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written by kharris, September 25, 2012 7:56
Oh, Last Mover, what have you done? Now that you've shown a philosophical basis for Matthews' case, however badly twisted, you know they are gonna run with it. Sometime soon, we're going to hear an argument for lower taxes on capital that begins "Even a benighted socialist like Rawls knew..."
Reagan's take on taxes for millionaires
written by Robert Salzberg, September 25, 2012 8:29
"We are going to close the unproductive tax loopholes that have allowed some of the truly wealthy to avoid paying their fair share. They sometimes made it possible for millionaires to pay nothing when a bus driver was paying 10 per cent of his salary and that's crazy. Do you think the millionaire ought to pay more taxes than the bus driver?"

http://www.newstatesman.com/blogs/star-spangled-staggers/2011/12/obama-wealthy-reagan-tax
GDP Growth Rate Since Long Term Capital Gains Rates Cut in Half
written by Robert Salzberg, September 25, 2012 9:05
Since 1998, long term capital gains rates have been cut in half. If low taxes on investment is the fuel that drives our economy, than GDP growth rates would have seen a steady climb up as rates went down. The attached linked graph shows no such correlation:

http://www.tradingeconomics.com/united-states/gdp-growth
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written by Robert Waldmann, September 25, 2012 11:27
Indeed. I might add http://rjwaldmann.blogspot.it/...it-is.html
The standard argument for a 0 tax rate on capital income is based on the mathematical result that, given very strong assumptions, the rate should go to zero as time goes to infinity. The approximation that 2012 is approximately infinity is absurd and standard.

Aside from blowing my own horn, I want to note the issue which you didn't stress. Standard analysis of taxes assumes Ricardian equivalence. In the real world high public budget deficits correspond to low national saving. It is painful for economists to model agents who ignore the intertemporal public budget constraint, but we are such agents.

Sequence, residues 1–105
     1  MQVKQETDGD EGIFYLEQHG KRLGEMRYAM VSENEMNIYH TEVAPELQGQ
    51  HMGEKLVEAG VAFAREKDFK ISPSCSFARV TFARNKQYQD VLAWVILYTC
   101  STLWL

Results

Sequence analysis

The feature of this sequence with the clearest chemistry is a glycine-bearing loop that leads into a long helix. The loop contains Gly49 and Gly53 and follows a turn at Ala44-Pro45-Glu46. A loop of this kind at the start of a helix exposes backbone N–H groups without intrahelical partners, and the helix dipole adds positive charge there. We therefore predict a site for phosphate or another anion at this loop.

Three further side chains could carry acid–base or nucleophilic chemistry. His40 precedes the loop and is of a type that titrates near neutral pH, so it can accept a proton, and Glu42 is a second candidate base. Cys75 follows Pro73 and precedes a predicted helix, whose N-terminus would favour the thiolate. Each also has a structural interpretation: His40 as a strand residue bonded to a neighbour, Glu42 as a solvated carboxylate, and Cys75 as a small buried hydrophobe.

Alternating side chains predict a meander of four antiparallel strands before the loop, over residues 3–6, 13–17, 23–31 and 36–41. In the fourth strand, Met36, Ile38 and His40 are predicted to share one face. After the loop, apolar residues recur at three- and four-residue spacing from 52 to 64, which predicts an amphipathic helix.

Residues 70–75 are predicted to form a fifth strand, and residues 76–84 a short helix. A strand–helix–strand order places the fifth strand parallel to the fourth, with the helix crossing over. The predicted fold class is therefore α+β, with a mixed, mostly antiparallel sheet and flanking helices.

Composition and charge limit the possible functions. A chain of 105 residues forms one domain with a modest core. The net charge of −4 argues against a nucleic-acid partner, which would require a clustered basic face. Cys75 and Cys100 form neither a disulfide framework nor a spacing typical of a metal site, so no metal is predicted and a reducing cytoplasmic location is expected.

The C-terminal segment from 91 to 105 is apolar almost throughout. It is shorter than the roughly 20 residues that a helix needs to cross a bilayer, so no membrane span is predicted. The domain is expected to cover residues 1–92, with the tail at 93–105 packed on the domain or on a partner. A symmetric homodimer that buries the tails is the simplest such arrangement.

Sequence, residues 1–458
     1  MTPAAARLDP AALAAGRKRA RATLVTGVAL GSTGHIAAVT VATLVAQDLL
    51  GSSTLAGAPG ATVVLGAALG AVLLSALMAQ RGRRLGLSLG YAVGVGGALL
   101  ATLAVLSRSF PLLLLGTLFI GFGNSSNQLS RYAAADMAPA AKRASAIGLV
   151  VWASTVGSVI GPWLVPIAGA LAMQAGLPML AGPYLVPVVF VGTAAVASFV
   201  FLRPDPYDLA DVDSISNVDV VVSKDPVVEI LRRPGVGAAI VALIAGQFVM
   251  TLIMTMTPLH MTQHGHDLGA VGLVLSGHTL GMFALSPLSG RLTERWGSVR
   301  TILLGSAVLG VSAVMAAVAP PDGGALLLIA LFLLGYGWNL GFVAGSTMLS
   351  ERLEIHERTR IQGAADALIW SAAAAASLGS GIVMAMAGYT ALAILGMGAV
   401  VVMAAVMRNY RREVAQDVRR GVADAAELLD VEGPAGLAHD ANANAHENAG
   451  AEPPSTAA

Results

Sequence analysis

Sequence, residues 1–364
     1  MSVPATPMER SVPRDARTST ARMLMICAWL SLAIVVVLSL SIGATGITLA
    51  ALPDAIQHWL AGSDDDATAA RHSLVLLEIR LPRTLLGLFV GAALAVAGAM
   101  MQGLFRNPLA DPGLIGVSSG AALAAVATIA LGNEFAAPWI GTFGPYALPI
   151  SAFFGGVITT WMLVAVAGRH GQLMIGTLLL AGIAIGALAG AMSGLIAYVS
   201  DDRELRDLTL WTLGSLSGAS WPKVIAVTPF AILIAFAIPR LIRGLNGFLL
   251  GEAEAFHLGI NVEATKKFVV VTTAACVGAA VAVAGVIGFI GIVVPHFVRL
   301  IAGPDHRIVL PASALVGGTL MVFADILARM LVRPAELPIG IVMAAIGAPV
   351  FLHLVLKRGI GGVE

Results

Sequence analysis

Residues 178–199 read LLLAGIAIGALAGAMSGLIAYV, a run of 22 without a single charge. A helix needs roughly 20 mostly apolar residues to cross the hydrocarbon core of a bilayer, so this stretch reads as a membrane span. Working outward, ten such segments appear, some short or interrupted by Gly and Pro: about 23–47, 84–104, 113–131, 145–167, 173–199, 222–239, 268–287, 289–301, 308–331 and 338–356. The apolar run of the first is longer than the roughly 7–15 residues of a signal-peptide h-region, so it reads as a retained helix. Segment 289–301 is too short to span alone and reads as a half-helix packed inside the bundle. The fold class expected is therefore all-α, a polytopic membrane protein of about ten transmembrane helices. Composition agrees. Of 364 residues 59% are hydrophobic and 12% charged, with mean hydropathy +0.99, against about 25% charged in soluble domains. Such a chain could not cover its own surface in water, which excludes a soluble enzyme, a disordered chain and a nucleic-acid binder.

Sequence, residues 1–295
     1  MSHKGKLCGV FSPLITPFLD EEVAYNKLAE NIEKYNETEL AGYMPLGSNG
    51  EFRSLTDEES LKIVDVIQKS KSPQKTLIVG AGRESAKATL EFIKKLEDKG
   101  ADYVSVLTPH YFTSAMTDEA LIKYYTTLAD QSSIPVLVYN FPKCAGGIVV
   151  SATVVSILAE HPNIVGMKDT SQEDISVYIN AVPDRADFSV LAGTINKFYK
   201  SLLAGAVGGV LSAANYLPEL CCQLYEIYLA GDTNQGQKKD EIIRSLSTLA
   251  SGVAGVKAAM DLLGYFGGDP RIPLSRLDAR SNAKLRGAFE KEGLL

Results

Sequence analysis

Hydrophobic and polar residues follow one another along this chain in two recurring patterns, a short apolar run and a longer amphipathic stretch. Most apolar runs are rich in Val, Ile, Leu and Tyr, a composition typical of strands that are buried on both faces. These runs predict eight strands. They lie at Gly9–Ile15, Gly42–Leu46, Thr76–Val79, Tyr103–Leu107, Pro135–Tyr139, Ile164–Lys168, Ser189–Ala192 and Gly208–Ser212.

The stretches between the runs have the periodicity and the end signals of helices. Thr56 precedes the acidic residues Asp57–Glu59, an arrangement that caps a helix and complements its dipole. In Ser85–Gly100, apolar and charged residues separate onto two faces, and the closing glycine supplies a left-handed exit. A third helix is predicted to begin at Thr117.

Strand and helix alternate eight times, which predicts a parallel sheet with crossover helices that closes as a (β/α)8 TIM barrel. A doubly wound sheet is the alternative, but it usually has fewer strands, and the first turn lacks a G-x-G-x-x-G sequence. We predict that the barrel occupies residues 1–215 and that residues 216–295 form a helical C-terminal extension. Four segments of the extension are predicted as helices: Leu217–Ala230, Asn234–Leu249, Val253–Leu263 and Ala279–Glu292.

Calculations of the effects of reduced taxes on capital income are based on the assumption that either public spending is cut or other taxes are increased. Policy makers decide that cutting taxes on capital income and changing nothing else will promote capital formation. In the real world this leads to budget deficits which crowd out private investment (when the economy is not in a liquidity trap).

This is a huge effect which is very plainly visible in the data. It is ignored, because it depends on irrationality (yes it could occur in an OLG model with rational agents but I'm talking about the real world).
Agree on shape of the earth?
written by Art Perlo, September 25, 2012 11:35
It is unfair to economists to say that they all agree on the shape of the earth. Although the performance of the profession indicates that most economists think the earth is flat, today there are still some who support the tradition of Adam Smith, Karl Marx and even Keynes in claiming that the earth is approximately spherical.
Retired
written by Wil Cummings, September 25, 2012 12:10
All are not? All refrigerators are not Frigidares. Are there no Frigidare fridges?
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written by GT, September 25, 2012 10:03
I recall my Republican public finance professor explicitly state economists believe we should not show preference to different types of income.

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Dean Baker is co-director of the Center for Economic and Policy Research in Washington, D.C. He is the author of several books, his latest being The End of Loser Liberalism: Making Markets Progressive. Read more about Dean.